Several of the imagist poets used war as a theme of their poems and sometimes of their entire collections. One of the most dominant uses of this theme is Aldington’s Images of War, in which the poet relates his personal experiences in the trenches of World War I. This collection also includes poems that he wrote after the war, poems in which he uses a cynical tone to mark his disgust of societies that allow war to occur in the first place. The poem “The Lover,” which appeared in this volume, is one of the most prominent poems in this collection. It brings together an interesting mix of his fears as well as the sexual desires that he experienced during the war.
Pound’s Cathay is also based on the theme of war. Although Pound wrote these poems from translations of Li Po, an eighth-century poet from China, the original poems focused on war, a timely concern of Pound’s, as the effects of World War I were influencing his thoughts.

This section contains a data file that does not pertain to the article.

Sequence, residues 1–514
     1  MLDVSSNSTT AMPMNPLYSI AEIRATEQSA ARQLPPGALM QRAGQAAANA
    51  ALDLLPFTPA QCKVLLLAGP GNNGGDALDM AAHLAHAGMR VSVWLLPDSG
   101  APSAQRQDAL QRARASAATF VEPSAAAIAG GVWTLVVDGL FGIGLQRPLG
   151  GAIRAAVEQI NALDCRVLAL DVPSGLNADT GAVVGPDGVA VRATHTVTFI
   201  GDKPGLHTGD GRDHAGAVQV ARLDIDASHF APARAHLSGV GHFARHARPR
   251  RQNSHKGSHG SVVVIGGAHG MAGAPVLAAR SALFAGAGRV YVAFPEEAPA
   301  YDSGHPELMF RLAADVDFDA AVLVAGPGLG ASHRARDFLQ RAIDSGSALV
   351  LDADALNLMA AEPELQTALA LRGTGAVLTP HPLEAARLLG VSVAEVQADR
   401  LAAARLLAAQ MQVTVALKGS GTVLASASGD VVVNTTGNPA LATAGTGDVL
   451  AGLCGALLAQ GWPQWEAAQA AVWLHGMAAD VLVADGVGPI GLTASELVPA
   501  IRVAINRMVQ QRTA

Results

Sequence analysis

Male poets were not the only ones who were affected by the war. Many of Doolittle’s poems in her collection Sea Garden engage images of pain, suffering, and desolation. Some critics relate these images to the ravages of war felt by the entire population, including those who were left at home. Doolittle was married to Aldington at the time he served on the front lines and thus felt the full impact not only of her personal fears and sense of loss but also of Aldington’s...
(The entire section is 1055 words.)
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